Wilko Johnson, the guitarist for Dr Feelgood and a formative influence on the British punk movement, has died aged 75. A statement posted to his official social media accounts said he died at home on 21 November.
Johnson was diagnosed with late-stage pancreatic cancer in 2013 and elected not to receive chemotherapy. That year, he was told he had nine to 10 months left to live.
Nevertheless, in 2014 he released the album Going Back Home, a collaboration with the Who’s Roger Daltrey. Later that year, he announced that he was cancer-free following a major operation to remove a three kilogram tumour.
“Now, I’m spending my time gradually coming to terms with the idea that my death is not imminent, that I am going to live on,” he said at the year’s Q awards.
Alex Kapranos of Franz Ferdinand was among those to pay tribute to Johnson. “His unique, wired playing and stage presence thrilled and inspired many guitarists, myself included,” he tweeted. “When I interviewed him a few years ago, he was bright, thoughtful and an astonishing story teller. His presence will be felt for many more years.”
Johnson was born John Peter Wilkinson in Canvey Island, Essex, in 1947. He began playing guitar as a teenager, but his career began in earnest in 1971, when he formed Dr Feelgood with singer Lee Brilleaux, bass player John B Sparks, and drummer John Martin.
The band went on to become mainstays of the British pub rock scene, and Johnson quickly became known for his distinctive style of guitar playing, which utilised fingerpicking in order to play riffs or solos while playing rhythm, as well as his flamboyant performances, which often featured him raising his guitar to his shoulders like a gun.
Dr Feelgood’s intense, brutal take on R&B was a major influence on the British punk music that would emerge in the 70s and 80s. Johnson remained with Dr Feelgood for their first four albums, the latter three of which charted in the top 20 of the UK albums chart, before inter-band conflict led him to part ways with the group.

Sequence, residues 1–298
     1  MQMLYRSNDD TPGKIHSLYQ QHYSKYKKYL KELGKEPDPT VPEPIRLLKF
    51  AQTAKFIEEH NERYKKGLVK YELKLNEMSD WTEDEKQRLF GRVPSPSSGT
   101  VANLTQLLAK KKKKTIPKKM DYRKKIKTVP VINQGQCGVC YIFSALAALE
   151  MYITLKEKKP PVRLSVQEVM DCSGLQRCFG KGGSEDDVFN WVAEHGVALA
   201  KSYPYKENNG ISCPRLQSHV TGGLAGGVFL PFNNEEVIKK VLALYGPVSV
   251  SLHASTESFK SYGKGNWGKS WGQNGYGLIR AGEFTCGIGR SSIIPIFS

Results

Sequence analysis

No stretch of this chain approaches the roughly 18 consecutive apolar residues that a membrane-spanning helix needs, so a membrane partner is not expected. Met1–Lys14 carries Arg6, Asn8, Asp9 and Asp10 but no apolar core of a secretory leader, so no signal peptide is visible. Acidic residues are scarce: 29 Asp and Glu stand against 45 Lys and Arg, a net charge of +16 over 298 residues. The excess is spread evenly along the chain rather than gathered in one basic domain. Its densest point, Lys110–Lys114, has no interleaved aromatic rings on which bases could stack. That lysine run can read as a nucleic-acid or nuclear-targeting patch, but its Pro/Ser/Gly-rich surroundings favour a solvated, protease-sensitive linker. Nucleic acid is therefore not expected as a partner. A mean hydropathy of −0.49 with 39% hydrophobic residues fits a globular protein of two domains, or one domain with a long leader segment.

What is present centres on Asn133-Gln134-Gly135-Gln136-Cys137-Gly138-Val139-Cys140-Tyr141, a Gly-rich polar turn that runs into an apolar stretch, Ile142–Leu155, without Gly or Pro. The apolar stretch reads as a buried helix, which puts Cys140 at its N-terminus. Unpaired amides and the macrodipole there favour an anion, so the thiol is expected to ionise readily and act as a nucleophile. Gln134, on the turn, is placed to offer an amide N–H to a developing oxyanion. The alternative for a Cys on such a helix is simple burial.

After leaving Dr Feelgood, Johnson formed Solid Senders, who released one album on Virgin in 1978, and briefly joined Ian Dury’s outfit the Blockheads, performing on their 1980 album Laughter.
Shortly afterwards, he began to focus on the Wilko Johnson Band, his longest-running musical project, with whom he would go on to release seven albums over the next three decades, including the 1981 debut Ice on the Motorway, 1988’s Barbed Wire Blues and, most recently, 2018’s Blow Your Mind.
Outside of music, Johnson released one book – his 2012 autobiography Looking Back at Me, co-written with Zoë Howe – and appeared as a guest star on Game of Thrones playing Ser Ilyn Payne, a mute executioner.
On Twitter, musicians shared their admiration for Johnson and his work. Anton Newcombe of the Brian Jonestown Massacre wrote that Johnson “fought the good fight, and had a damn good run. When they said it was over, you came back stronger,” while Nottingham post-punk duo Sleaford Mods wrote that Johnson was “the unsung inventor of Post Mod, Mod”.
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